DENVER (KDVR) — Rescue and recovery groups are warning backcountry drivers to not be deceived by snow conditions in the High Country right now.
Over the last couple of weeks, they’ve been inundated with calls from stranded motorists who are finding themselves stuck in tricky situations.
Given the heavy amount of rainfall we’ve experienced lately, conditions in the mountains can actually be downright dangerous.
It’s why groups like Colorado 4×4 Rescue & Recovery want to get the word out.
“There’s a lot of shaded areas or even the high mountain passes that the snow is still 2, 3, even 4 feet deep back in there. These are sections of trail that don’t normally see sunlight until middle of June, sometimes early July there’s still snow up there,” said Justin King, a spokesperson for Colorado 4×4 Rescue & Recovery.
Colorado 4×4 Rescue & Recovery is a nonprofit group that helps rescue backcountry drivers who are in need of assistance and it’s free of charge.
Responders say they’ve been dispatched to numerous recoveries these last few weeks due to the mud and snow.
There’s still plenty of snow above 8,000 to 9,000 feet in elevation and it’s putting drivers in situations where their vehicles are getting stuck.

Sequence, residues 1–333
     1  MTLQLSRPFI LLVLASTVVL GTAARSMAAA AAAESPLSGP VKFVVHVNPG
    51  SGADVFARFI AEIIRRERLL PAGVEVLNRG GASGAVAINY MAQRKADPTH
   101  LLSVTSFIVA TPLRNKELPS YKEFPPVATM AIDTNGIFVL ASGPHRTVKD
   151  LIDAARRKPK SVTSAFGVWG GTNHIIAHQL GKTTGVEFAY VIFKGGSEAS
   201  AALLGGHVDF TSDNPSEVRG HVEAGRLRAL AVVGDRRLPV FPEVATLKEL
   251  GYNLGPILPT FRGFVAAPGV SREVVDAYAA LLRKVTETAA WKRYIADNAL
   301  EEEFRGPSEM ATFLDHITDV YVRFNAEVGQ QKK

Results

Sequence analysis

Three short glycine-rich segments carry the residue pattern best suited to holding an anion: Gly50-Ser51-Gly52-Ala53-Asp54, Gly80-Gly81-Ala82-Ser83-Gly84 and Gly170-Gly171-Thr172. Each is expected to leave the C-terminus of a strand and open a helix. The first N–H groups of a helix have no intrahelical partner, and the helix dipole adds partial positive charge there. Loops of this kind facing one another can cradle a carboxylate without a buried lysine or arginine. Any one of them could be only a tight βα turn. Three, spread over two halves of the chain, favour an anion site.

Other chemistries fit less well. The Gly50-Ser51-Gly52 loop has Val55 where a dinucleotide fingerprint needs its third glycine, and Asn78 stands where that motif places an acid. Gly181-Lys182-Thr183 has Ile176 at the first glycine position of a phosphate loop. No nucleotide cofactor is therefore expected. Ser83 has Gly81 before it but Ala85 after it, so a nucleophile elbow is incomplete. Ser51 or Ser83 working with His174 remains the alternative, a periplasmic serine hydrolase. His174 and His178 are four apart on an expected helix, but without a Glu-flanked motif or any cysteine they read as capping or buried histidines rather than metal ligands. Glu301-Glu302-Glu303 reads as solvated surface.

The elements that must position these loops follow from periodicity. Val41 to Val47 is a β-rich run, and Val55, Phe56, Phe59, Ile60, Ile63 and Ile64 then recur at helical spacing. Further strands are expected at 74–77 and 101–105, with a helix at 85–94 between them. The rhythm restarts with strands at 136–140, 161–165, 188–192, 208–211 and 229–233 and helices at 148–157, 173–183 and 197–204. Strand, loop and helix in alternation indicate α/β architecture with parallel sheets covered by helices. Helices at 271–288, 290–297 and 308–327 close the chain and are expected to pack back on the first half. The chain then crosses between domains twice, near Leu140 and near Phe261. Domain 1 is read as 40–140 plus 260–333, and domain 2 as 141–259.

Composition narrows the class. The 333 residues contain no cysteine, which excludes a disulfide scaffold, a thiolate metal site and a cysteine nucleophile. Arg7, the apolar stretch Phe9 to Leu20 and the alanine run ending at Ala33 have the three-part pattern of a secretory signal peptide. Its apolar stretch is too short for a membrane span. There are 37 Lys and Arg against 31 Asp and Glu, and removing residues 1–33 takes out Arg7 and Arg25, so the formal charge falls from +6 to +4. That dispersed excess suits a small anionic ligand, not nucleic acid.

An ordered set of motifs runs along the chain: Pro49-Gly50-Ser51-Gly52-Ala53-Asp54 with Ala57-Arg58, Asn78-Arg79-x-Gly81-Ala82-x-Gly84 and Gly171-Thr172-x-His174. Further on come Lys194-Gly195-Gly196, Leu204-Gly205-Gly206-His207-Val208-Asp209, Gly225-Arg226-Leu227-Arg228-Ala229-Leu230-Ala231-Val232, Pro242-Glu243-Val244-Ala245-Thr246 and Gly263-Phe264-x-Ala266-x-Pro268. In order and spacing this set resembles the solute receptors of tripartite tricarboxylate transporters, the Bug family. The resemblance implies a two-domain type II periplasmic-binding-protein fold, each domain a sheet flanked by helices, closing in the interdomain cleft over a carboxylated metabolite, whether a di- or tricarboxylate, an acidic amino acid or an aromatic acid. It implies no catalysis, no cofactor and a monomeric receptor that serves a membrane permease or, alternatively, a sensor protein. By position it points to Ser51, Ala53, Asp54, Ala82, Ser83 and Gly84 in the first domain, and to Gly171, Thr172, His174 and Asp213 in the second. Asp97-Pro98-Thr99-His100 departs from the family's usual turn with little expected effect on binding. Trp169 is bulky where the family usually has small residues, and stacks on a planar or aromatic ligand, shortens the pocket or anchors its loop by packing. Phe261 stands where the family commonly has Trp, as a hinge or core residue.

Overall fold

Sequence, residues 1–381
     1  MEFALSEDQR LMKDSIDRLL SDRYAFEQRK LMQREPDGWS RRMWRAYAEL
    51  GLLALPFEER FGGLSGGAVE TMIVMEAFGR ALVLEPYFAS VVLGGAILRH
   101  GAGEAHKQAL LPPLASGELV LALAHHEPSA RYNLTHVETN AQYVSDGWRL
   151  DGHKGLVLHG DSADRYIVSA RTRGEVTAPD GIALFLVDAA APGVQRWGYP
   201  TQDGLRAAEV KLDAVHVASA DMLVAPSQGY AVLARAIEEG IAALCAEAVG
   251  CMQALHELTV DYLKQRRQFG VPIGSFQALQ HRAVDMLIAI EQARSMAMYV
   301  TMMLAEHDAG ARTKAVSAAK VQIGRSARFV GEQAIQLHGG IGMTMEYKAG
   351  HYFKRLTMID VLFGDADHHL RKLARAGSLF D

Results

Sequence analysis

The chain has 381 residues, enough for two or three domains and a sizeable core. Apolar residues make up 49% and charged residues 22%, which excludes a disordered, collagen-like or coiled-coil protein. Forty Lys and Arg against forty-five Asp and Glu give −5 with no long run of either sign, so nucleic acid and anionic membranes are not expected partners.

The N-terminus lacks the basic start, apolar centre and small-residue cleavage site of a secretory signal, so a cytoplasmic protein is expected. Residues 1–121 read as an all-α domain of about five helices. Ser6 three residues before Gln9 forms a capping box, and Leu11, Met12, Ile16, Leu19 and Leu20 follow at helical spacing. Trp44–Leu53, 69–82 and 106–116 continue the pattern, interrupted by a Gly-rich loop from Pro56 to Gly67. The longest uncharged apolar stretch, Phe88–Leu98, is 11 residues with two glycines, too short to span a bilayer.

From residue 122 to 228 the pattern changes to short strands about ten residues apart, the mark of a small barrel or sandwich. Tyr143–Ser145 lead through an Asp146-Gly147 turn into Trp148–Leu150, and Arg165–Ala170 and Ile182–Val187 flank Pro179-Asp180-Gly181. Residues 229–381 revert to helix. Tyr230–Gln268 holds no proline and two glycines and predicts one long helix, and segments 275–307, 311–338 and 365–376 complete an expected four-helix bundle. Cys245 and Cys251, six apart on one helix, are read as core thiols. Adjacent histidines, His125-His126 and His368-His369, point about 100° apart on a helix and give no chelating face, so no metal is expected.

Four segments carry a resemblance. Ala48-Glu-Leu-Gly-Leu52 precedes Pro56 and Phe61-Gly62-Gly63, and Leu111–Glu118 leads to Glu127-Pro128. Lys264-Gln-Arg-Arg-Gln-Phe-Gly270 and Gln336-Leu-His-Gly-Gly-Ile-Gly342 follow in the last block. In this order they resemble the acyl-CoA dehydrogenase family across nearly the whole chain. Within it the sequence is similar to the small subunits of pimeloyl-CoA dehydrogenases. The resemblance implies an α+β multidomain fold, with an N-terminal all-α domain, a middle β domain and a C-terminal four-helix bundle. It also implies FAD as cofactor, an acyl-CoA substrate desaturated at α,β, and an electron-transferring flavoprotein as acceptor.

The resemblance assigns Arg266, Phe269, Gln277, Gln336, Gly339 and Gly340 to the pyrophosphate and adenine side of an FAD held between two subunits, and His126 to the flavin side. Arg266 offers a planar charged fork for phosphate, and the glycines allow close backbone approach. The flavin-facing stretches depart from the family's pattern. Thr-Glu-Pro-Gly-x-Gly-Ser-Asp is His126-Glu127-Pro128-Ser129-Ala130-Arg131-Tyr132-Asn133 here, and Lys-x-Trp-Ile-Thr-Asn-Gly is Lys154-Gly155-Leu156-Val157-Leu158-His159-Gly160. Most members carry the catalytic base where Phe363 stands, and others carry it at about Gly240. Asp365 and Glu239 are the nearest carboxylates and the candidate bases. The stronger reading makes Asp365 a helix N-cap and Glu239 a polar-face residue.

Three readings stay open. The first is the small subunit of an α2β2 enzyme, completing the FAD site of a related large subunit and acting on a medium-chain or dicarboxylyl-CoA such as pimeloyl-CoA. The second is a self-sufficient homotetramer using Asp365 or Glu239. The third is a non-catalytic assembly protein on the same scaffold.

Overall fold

Rescuers say it’s getting warmer at higher elevations and the once hard packed snow is becoming incredibly soft, making it extremely easy to frame out vehicles on forest roads.
“When you’ve got two or three feet of snow on the ground, and you maybe get out and walk it, and it holds you up just fine – you’ve got a 3,000, 4,000 or 6,000 pound vehicle that you’re going to drive over that — and you’re going to fall right through that stuff and that’s what we’ve been seeing a lot of lately,” King added.
In situations like this, Colorado 4×4 Rescue & Recovery says there is really no other way to get a stuck vehicle out other than to drag it out with other vehicles.
Sometimes it takes 2-4 vehicles just to get one out of a sticky situation during mud season.
Dispatchers say it’s important to make sure you’re prepared.
“Know before you go! Tell someone where you’re going and when you’ll be back, and prepare to spend an extended duration in your vehicle if you get stuck right now. It can even be treacherous for us to reach you with the rapid freeze and thaw cycles going on in the mountains right now,” King said.
Mud season continues in Colorado through late June and early July.